Local groups beautify grave sites of 16th Street Baptist Church bombing victims [PHOTOS]

4 Little girls
Four Little Girls Jack and Jill Memorial at Greenwood Cemetery (Pat Byington/Bham Now)

Thanks to a grant from the Jack and Jill of America Foundation, contributions from community members and resources provided by the Home Depot in Eastwood, The Ballard House Project, Inc. has beautified the burial sites of the young victims of the 1963 horrific bombing of 16th Street Baptist Church.

The Ballard House: A sacred space

4 Little Girls historical marker at Greenwood Cemetery (Pat Byington/Bham Now)

According to Majella Chube Hamilton, Executive Director of The Ballard House Project, Inc, The Ballard House worked closely with the families to beautify the burial sites of the four victims. 

“This is sacred space. With generous grant funds provided by Jack and Jill of America Foundation, The Ballard House Project initiated this beautification project with the approval of the City of Birmingham and the families to honor their legacy within the Birmingham Civil Rights Movement. Our hope is to provide beauty, peace, and comfort to the families, while undergirding education and inspiration for area residents and families who may learn about their sacrifice and transformational impact on our community, country and world.”

Majella Chube Hamilton

Project began in 2020

Initiated in the final quarter of 2020, the project included the beautification (plants and garden materials) and short-term maintenance of grave sites of victims of the 1963 16th Street Baptist Church bombing in Birmingham. 

The objective has been to beautify their burial spaces and provide short-term maintenance of the grave sites of Carole Robertson, Cynthia Wesley and Addie Mae Collins, all located at Greenwood Cemetery and to beautify the gravesite of Denise McNair, who is buried in her family plot in Elmwood Cemetery.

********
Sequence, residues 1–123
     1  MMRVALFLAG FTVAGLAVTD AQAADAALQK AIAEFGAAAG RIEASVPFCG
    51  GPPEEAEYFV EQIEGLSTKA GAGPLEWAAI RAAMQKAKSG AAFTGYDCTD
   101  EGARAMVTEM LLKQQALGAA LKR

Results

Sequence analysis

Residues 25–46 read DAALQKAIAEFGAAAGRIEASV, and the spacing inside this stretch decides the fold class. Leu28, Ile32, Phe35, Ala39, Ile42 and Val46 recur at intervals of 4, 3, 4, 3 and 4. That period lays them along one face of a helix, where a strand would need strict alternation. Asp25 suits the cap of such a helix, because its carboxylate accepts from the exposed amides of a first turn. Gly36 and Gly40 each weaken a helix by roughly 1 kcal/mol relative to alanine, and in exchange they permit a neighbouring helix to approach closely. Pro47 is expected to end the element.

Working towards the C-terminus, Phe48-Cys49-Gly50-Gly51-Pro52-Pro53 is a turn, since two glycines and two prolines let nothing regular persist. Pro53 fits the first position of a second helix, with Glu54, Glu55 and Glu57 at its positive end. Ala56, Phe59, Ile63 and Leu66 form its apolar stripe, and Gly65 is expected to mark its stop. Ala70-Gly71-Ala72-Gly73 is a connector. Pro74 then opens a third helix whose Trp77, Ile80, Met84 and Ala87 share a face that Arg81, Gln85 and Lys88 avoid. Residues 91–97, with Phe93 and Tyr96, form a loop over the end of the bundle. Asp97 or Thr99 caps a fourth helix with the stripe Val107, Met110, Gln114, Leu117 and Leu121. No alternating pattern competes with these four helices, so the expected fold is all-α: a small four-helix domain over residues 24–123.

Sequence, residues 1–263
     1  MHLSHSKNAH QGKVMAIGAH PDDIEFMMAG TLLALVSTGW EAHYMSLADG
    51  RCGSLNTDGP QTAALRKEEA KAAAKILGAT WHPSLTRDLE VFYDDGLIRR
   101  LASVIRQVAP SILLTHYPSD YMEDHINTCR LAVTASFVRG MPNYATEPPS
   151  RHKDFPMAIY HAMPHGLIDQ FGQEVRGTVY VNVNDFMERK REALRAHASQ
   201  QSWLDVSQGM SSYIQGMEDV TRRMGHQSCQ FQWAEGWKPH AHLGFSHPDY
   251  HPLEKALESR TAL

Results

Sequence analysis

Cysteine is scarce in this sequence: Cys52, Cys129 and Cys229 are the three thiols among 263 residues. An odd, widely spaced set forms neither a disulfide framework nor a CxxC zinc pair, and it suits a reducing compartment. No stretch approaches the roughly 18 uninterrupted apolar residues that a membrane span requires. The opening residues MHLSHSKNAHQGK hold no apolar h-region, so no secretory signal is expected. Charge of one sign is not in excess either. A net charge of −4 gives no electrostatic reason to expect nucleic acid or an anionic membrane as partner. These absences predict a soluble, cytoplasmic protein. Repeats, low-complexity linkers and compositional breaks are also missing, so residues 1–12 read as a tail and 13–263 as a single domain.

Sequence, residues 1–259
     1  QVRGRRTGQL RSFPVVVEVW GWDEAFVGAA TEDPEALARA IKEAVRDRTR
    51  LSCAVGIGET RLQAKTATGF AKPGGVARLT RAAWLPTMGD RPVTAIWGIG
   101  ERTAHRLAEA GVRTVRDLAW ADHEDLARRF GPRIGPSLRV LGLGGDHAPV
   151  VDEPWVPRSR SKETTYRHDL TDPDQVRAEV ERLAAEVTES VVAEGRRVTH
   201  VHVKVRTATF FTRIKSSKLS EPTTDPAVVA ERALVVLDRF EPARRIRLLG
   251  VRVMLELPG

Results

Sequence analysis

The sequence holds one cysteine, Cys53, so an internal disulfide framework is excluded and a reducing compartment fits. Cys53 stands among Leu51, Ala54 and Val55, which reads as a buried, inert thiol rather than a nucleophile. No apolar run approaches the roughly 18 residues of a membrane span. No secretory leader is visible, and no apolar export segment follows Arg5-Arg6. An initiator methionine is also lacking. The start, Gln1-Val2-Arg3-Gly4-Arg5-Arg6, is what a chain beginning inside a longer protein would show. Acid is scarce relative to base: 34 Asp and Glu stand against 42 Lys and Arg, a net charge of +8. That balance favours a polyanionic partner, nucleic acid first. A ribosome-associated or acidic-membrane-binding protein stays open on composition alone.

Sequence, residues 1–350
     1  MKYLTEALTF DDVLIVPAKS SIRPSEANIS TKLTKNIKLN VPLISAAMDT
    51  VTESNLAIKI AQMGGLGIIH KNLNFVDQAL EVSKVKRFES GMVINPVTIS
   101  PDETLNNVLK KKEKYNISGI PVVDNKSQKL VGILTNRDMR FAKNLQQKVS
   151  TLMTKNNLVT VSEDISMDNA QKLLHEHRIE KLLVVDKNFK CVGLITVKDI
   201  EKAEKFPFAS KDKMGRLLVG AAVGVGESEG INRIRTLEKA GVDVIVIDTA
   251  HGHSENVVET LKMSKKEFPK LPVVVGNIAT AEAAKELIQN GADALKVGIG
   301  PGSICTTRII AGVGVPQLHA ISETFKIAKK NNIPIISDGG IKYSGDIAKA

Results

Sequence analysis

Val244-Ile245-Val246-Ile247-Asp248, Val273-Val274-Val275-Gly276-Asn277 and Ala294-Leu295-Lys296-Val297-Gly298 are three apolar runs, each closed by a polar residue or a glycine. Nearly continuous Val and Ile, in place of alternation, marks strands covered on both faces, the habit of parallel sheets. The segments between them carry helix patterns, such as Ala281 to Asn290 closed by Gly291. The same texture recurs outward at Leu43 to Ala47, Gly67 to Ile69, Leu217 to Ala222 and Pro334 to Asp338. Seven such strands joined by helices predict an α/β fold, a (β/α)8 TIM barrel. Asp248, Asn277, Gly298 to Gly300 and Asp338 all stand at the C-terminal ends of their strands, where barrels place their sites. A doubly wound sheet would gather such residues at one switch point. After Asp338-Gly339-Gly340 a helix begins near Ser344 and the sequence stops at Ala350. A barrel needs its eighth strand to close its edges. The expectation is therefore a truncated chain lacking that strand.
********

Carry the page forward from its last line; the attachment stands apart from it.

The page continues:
Joining The Ballard House in the project are the following companies:

“The Ballard House Project solicited the advice and assistance of Home Depot through its Birmingham-Eastwood store in late Spring of 2023. They understood the vision and we are appreciative of additional enhancements in materials and plants they have brought to ensure the project’s success.” 

Majella Chube Hamilton

Deep connection with  Jack and Jill of America

Ballard House
4 Little Girls Jack and Jill Memorial at Greenwood Cemetery at sunset (Pat Byington/Bham Now)

The beautification project honoring the memory of the four girls means a great deal for the Jack and Jill of America Foundation. Carole Robertson was a teen member of the organization’s Birmingham Chapter at the time of her death. 

Mrs. Alpha Robertson, Carole’s mother, was an active member and served as the national organization’s first Southeastern Regional Director a few years prior to the bombing. Since 1964, Jack and Jill of America chapters across the nation have observed Carole Robertson Day with programs that share the historical context and outcomes of the tragedy. 

In addition to beautifying the graves, wreaths were laid at each site last week before the 60th Commemoration. 

Pat Byington
Pat Byington

Longtime conservationist. Former Executive Director at the Alabama Environmental Council and Wild South. Publisher of the Bama Environmental News for more than 18 years. Career highlights include playing an active role in the creation of Alabama's Forever Wild program, Little River Canyon National Preserve, Dugger Mountain Wilderness, preservation of special places throughout the East through the Wilderness Society and the strengthening (making more stringent) the state of Alabama's cancer risk and mercury standards.

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